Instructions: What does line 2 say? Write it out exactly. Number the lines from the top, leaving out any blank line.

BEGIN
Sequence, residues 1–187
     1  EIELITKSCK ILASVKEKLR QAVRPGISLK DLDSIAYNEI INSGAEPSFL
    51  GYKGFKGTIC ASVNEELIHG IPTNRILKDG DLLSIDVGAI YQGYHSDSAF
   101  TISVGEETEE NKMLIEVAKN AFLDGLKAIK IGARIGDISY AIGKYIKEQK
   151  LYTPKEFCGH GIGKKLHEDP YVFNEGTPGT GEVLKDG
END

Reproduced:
     1  EIELITKSCK ILASVKEKLR QAVRPGISLK DLDSIAYNEI INSGAEPSFL